The Federal Emergency Management Agency is "running on fumes" and may run out of money as soon as Friday, just as Hurricane Irma, an "extremely dangerous" hurricane, is expected hit the southern coast of Florida this weekend.
After Hurricane Harvey ravaged Texas, the federal response to the disaster "has quickly depleted FEMA’s disaster relief fund, which dropped by $2.14 billion last Thursday to $1.01 billion as of Tuesday," NBC News reported.
"FEMA is scheduled to run out of money by Friday, Sept. 8, just two days before Hurricane Irma is expected to hit Florida," Florida Sens. Bill Nelson and Marco Rubio said in a joint statement, NBC reported. "Unfortunately, the current disaster relief package Congress is considering for Hurricane Harvey doesn’t account for the additional costs FEMA will likely incur as a result of Hurricane Irma."
The $7.85 billion aid package for Harvey has now passed the House and the Senate but it still won't be enough to help potential destruction caused by Irma, the most powerful hurricane ever recorded in the Atlantic. The White House has requested that Congress pass another Harvey aid package by the end of September in order to keep the government operating, which is worth $6.7 billion, but recovery in Texas is said to cost as much as $180 billion, NBC reported.
President Donald Trump praised FEMA's "bravery" and what they have been able to accomplish in recent weeks. "I don't think anybody has done anything like they've done at FEMA, and they have done a very good job," he said, according to NBC. However Trump's past budget proposal called for slashing funds that would go to the same federal agencies he's recently praised.
FEMA funds have depleted rapidly because the agency has been working to pre-position resources and personnel in potential disaster zones.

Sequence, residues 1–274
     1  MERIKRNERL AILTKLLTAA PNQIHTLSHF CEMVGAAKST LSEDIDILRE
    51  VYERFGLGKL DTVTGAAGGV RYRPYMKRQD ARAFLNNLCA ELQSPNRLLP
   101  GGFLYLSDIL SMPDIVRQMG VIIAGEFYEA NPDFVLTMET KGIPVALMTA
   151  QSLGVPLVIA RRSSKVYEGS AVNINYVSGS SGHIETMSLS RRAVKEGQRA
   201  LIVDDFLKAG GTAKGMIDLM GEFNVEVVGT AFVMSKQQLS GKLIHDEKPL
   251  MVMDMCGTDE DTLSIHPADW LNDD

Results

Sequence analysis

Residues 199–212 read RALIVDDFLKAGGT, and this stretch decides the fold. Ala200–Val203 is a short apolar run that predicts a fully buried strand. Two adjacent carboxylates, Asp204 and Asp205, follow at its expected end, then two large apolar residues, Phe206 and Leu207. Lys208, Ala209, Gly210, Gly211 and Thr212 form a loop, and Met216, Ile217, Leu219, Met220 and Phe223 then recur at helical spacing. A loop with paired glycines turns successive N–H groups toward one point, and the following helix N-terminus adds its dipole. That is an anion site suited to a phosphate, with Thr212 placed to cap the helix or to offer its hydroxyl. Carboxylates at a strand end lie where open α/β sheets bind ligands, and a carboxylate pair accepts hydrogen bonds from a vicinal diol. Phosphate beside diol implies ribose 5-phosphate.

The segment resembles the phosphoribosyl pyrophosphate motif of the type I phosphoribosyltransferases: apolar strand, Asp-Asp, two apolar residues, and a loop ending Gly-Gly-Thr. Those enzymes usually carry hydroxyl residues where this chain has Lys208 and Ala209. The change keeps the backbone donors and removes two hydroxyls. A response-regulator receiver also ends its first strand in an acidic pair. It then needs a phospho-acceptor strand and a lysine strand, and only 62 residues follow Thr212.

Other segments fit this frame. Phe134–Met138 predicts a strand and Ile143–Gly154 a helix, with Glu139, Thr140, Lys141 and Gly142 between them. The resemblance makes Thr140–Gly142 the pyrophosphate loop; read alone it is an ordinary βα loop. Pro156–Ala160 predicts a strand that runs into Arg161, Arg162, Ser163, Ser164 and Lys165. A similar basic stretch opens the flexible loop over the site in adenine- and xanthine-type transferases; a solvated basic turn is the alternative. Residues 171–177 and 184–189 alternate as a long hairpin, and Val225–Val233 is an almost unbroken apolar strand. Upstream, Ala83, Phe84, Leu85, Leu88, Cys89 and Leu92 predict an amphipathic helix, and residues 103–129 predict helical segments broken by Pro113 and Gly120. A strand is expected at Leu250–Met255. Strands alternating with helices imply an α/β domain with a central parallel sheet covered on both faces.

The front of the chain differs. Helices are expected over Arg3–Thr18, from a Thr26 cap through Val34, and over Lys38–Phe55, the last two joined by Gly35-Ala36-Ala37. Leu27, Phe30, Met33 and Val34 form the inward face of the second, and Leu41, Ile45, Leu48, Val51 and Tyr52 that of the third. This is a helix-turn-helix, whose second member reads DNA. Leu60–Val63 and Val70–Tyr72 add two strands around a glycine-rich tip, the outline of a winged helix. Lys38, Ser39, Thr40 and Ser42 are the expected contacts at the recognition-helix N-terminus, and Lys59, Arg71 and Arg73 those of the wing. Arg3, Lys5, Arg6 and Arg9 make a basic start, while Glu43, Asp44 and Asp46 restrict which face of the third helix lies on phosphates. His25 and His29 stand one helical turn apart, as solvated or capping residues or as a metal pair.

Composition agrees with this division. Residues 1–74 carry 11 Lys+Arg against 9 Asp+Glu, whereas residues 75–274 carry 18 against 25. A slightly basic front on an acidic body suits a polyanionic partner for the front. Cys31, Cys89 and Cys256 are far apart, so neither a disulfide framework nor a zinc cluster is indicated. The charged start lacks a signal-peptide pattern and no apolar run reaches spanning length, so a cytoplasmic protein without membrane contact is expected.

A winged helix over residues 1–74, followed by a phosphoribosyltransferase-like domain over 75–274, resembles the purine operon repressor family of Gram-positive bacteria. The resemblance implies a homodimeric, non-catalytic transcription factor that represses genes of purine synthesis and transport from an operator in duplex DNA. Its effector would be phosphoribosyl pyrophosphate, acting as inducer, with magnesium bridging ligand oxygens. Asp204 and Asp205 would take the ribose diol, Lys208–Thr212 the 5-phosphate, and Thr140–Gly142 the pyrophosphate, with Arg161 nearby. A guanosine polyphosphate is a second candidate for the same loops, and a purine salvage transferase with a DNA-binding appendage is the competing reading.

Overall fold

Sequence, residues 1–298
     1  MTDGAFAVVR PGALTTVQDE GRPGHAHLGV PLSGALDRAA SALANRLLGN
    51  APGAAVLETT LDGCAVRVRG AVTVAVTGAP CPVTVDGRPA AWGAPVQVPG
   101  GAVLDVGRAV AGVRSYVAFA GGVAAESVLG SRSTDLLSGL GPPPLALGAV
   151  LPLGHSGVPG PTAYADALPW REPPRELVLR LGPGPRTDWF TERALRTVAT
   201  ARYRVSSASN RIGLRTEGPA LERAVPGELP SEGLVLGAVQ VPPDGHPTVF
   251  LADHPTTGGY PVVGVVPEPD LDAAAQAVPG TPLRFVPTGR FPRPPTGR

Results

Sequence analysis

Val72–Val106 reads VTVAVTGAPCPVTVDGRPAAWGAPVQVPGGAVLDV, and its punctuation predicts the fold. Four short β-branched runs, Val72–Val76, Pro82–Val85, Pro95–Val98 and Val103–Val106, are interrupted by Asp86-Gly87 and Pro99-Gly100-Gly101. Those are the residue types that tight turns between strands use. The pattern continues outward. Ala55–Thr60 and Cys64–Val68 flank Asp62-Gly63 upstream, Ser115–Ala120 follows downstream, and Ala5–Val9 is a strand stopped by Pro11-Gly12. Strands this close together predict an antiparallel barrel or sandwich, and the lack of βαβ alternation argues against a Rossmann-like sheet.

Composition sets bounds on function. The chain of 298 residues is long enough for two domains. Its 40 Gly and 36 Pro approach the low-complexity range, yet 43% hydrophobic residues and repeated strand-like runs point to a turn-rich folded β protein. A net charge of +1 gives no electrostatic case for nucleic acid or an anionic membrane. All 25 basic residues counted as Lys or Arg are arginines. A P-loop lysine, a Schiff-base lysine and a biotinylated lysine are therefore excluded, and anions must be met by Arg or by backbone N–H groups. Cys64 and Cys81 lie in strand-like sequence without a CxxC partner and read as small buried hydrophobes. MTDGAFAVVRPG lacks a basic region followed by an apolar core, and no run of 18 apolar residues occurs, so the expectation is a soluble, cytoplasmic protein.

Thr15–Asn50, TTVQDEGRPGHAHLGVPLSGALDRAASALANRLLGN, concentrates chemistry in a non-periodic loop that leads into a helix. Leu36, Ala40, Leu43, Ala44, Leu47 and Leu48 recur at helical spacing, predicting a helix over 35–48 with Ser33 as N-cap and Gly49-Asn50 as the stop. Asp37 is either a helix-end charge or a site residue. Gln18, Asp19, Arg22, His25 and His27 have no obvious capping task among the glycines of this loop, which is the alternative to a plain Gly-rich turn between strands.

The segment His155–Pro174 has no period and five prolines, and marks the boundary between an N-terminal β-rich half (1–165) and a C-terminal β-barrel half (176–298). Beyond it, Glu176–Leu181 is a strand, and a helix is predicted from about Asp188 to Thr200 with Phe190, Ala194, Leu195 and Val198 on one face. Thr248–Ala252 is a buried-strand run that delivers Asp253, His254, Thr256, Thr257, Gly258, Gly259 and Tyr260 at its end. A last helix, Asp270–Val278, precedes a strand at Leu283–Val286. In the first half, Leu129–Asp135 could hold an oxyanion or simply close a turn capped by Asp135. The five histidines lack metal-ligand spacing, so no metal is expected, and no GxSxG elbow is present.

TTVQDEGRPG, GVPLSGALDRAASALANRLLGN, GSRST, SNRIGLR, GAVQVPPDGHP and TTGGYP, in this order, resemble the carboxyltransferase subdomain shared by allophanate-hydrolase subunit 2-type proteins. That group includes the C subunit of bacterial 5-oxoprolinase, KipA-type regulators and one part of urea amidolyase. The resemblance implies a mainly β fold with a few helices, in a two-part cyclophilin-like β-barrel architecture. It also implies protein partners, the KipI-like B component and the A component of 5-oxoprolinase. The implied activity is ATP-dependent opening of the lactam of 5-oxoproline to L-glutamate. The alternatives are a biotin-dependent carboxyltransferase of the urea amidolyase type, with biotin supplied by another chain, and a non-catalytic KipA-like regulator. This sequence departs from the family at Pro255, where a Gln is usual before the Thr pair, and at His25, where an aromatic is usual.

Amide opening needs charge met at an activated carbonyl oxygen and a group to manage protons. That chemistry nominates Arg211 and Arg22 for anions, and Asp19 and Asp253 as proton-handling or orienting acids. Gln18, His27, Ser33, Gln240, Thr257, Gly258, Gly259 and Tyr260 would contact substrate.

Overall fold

After the federal government’s calamitous response to Hurricane Katrina, Congress passed a bill that allowed FEMA to pre-position supplies and personnel in an anticipated disaster zone ahead of a state’s request, among other reforms.
Unlike other agencies, FEMA bases its annual budget requests on its spending plans for past major disasters, as well as a 10-year average for non-catastrophic events. Since the frequency and severity of extreme weather events have increased in recent years, federal spending on disaster relief has been rising.
"It’s more expensive to lean forward, but that’s what we owe it to survivors to do," said Rafael Lamaitre, a former FEMA spokesperson who worked for the Obama administration, NBC reported. "At this point FEMA is running on fumes."
Hurricane Irma is expected to make landfall in southern Florida by Saturday night into Sunday after it has already devastated the island of Barbuda on Tuesday night and early Wednesday, according to the Washington Post. The storm also hit Puerto Rico on Wednesday and passed "just north of Hispaniola and Cuba as it moves into the Southeast Bahamas" on Thursday and will continue throughout Friday.
"Severe hurricane conditions are expected over portions of the Florida peninsula and the Florida Keys beginning late Saturday," the National Hurricane Center said on Thursday night, according to the Post. "Irma could make landfall in southern Florida as a dangerous major hurricane, and bring life-threatening storm surge and wind impacts to much of the state."